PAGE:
InspectAPedia tolerates no conflicts of interest. We have no relationship with advertisers, products, or services discussed at this website.
Windows & Skylights: vertical glazing details: this article discusses the proper installation details for vertical glazing: fixed vertical window glass on buildings.
[Click to enlarge any image]
Shown above, fixed triangular and rectangular glazing in a sunroom converted from a screened porch by the editor (DJF). Sketch at page top and accompanying text are reprinted/adapted/excerpted with permission from Solar Age Magazine - editor Steven Bliss. Shown below, the editor's mother, Teal Friedman (at left in the photo), at the Boca Raton Florida mausoleum below fixed glass windows. After her death in July 2015 Teal Friedman joined the author's father where together they rest together.
Fixed Vertical Glazing: less demanding than sloped glass, it still takes careful detailing" as we explain here.
This article explains the details of handling and installing fixed vertical window glass or "vertical glazing" to avoid leaks, cracks, and other window problems on buildings. The author, Steven Bliss, points out that while fixed vertical glazing is less demanding than sloped glass (see SLOPED GLAZING DETAILS), it still takes careful detailing to avoid future problems with the window installation.
Mr. Bliss points out that many carpenters are accustomed to installing pre-hung windows and doors, but are not experienced or trained in the details of successful installation of fixed double glass windows.
The text below paraphrases, quotes-from, updates, and comments an original article original article (see links just above)"Fixed Vertical Glazing" by Steven Bliss.
Our photograph (left) shows two triangular double-glazed vertical fixed glass windows installed by Daniel Friedman in the gable-end wall of this workshop. These vertical fixed glass windows were made by a local window glazing company to dimensions chosen to fit in the framed window opening leaving the clearances discussed below.
An insulated glass window unit is made from two or more panes of glass bonded to an aluminum spacer. The spacer itself is filled with a desiccant - a material that absorbs moisture from the air to dry out the space between the panes.
The glass panes are sealed to the dessicant-filled spacer using polysulfide, polyisobutylene, silicone, urethane or other sealants. Premium sealed glass units may use two sealants: an inner seal of butyl as that material provides both a strong mountant and an effective moisture seal, and an outer seal of silicone.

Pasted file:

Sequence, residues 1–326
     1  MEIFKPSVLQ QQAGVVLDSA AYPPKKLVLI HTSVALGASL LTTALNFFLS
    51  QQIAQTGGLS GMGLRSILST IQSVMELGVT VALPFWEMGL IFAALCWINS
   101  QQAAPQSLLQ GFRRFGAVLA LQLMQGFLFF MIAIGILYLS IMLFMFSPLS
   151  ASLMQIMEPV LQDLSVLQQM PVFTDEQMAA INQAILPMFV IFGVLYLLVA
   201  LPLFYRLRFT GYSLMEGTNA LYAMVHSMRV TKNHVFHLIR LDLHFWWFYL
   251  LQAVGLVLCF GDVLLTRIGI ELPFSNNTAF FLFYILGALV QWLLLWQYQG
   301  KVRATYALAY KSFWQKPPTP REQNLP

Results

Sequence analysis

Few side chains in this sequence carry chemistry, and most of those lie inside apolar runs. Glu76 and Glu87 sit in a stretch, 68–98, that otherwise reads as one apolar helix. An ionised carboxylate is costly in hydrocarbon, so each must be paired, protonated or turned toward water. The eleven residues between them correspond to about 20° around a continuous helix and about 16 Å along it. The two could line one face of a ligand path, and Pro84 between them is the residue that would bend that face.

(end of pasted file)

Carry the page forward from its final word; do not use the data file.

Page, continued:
In understanding the problem of condensation that occurs between double paned windows, keep in mind that the role of the desiccant is to absorb any excess moisture in the original air or gas in the sealed space between the panes at the time of window assembly.
If improper assembly or improper window installation causes the window glass seal to leak, allowing new moist air to enter the glass space, the desiccant will eventually be overwhelmed and foggy condensation can appear on the interior of the glass. Our photograph (left) shows a vertical fixed glass bay window that whose seals failed, leading to condensation and fogging between the window panes.
As the sealed glass window is exposed to varying temperatures and to air of varying moisture levels, warm moist air can be drawn into the space between the glass panes, followed by moisture condensation on the interior glass surfaces.
As the window is exposed to cycles of temperature changes, the amount of moisture between the panes accumulates until ultimately the leaky previously-sealed glass widow becomes fogged and even opaque.
And see SLOPED GLAZING DETAILS for a discussion of how thermal expansion and contraction can lead to damage and leaks in various window glazing systems.
A double-glazed window unit built using 3/16" thick glass weighs over five pounds per square foot. Such window units should be handled with extra care and plenty of hands - at least two workers for vertical glass.